Ships specially designed to carry containers revolutionised trade by sea. Now these standardised metal boxes are making a big splash in the world of architecture as ready-made modules which just need customising. There is even a word for it – Cargotecture. Would you feel At Home in one of these striking buildings?
Copenhagen is one of the world’s most expensive cities so local company CPH Shelter has come up with an eco-friendly, plug and play design which uses recycled shipping containers to create homes which can be easily moved and installed pretty much anywhere in the world.
When French architecture firm 2A Design was commissioned to design a small home on a tight budget, they turned to cargotecture as a low-cost solution that wouldn’t sacrifice style. Located in the French village of Orgères, near Rennes, the angular white building, called the Flying Box house, was put up in just three months and looks pretty cool.
Talking about pretty cool – how about this star burst design by James Whittaker, for a wealthy client in the Californian desert. The Joshua Tree Residence may look eccentric, but its sculptural appearance is actually right in tune here, where people often commission unusual-looking homes.
Cargotecture has been a real success for more commercial projects too. This is the cosy and popular Unit Café in Kiev, Ukraine – made from 14 shipping containers by TSEH Architectural Group.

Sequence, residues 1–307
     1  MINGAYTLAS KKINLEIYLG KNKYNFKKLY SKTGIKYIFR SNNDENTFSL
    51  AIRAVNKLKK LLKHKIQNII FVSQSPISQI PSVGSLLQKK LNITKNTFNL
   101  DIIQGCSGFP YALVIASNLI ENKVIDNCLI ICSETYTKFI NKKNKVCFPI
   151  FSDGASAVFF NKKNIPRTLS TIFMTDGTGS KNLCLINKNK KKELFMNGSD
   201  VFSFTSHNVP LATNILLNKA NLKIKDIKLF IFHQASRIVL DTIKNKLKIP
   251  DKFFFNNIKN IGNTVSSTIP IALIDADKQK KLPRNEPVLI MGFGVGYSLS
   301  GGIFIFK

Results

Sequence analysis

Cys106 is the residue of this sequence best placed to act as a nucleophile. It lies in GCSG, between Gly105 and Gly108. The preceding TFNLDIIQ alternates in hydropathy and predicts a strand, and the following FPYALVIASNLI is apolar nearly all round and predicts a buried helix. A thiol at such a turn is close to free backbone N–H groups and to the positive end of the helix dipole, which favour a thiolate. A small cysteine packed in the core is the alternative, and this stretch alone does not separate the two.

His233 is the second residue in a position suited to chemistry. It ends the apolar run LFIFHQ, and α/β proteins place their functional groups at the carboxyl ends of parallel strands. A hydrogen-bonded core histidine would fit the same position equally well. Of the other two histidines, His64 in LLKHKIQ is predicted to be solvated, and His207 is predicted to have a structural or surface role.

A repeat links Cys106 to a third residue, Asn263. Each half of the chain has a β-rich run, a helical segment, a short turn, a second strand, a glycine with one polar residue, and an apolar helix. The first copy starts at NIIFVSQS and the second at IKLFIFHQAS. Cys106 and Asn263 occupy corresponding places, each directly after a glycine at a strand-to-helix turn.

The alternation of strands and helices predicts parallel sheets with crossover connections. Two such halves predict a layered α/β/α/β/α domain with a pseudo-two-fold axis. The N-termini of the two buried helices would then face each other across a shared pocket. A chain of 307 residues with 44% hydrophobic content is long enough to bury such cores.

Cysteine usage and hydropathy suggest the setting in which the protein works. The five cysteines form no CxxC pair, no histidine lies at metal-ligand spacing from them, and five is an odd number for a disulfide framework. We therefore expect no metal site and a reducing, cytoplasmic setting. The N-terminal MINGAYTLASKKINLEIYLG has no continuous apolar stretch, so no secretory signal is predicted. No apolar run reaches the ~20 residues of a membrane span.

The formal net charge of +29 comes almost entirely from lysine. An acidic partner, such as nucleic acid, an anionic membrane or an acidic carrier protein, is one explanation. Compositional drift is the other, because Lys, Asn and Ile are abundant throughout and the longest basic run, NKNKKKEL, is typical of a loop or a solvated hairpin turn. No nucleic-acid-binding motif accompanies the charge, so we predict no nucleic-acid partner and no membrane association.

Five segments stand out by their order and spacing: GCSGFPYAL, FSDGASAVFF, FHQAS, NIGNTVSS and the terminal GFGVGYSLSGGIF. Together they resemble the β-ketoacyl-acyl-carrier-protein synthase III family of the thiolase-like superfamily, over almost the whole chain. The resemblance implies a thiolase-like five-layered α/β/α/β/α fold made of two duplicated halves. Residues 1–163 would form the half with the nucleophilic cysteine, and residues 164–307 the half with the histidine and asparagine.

The Australian wine company Brown Brothers thought that what their customers needed with their glass of wine in Hazards Vineyard was a jolly nice view. They commissioned this extraordinary tower, made primarily from repurposed containers, from architects Cumulus Studio.
The National Theatre Company of Korea (NTCK) commissioned Urbantainer to create a visitor area that would serve as a social space within the grounds. To integrate the new space with the existing buildings, the designers aligned the containers with the building axis and painted them the same shade of red as the NTCK logo. Looks really vibrant.
Looking for somewhere cheap but interesting to stay? A hostel in Vietnam’s famous seaside resort-town of Nha Trang is setting itself apart from its competition by transforming recycled containers into lodging. TAK Architects’ recently completed Ccasa Hostel features three stacked shipping containers converted into dormitory rooms. The architects retained the containers’ industrial look, which gives the hostel an edgy, modern vibe.
And its not just about small projects either. Designed by local firm Urbantainer this 5,300-square-meter pop-up mall in Seoul was constructed from 200 large modular containers and can be easily modified, moved, or dismantled as needed.
How far can cargotecture go? CRG Architects have proposed a solution to Mumbai’s chronic housing shortage with two slightly twisting cylinder-shaped towers made of stacked containers. Both structures, called “Containscrapers,” would respond to specific site topologies and provide more facade surface to all living units by rotating the position of the containers by 90 degrees. They don’t appeal to me – rather like a terrifying game of Jenga.
But, at the right price I could grow to like this place. Built for a French artist ‘Un Dernier Voyage’ is set in the French countryside and functions as a simple home full of artwork and a studio. Fancy something similar?
Here’s how it is laid out,
and it’s not bad inside.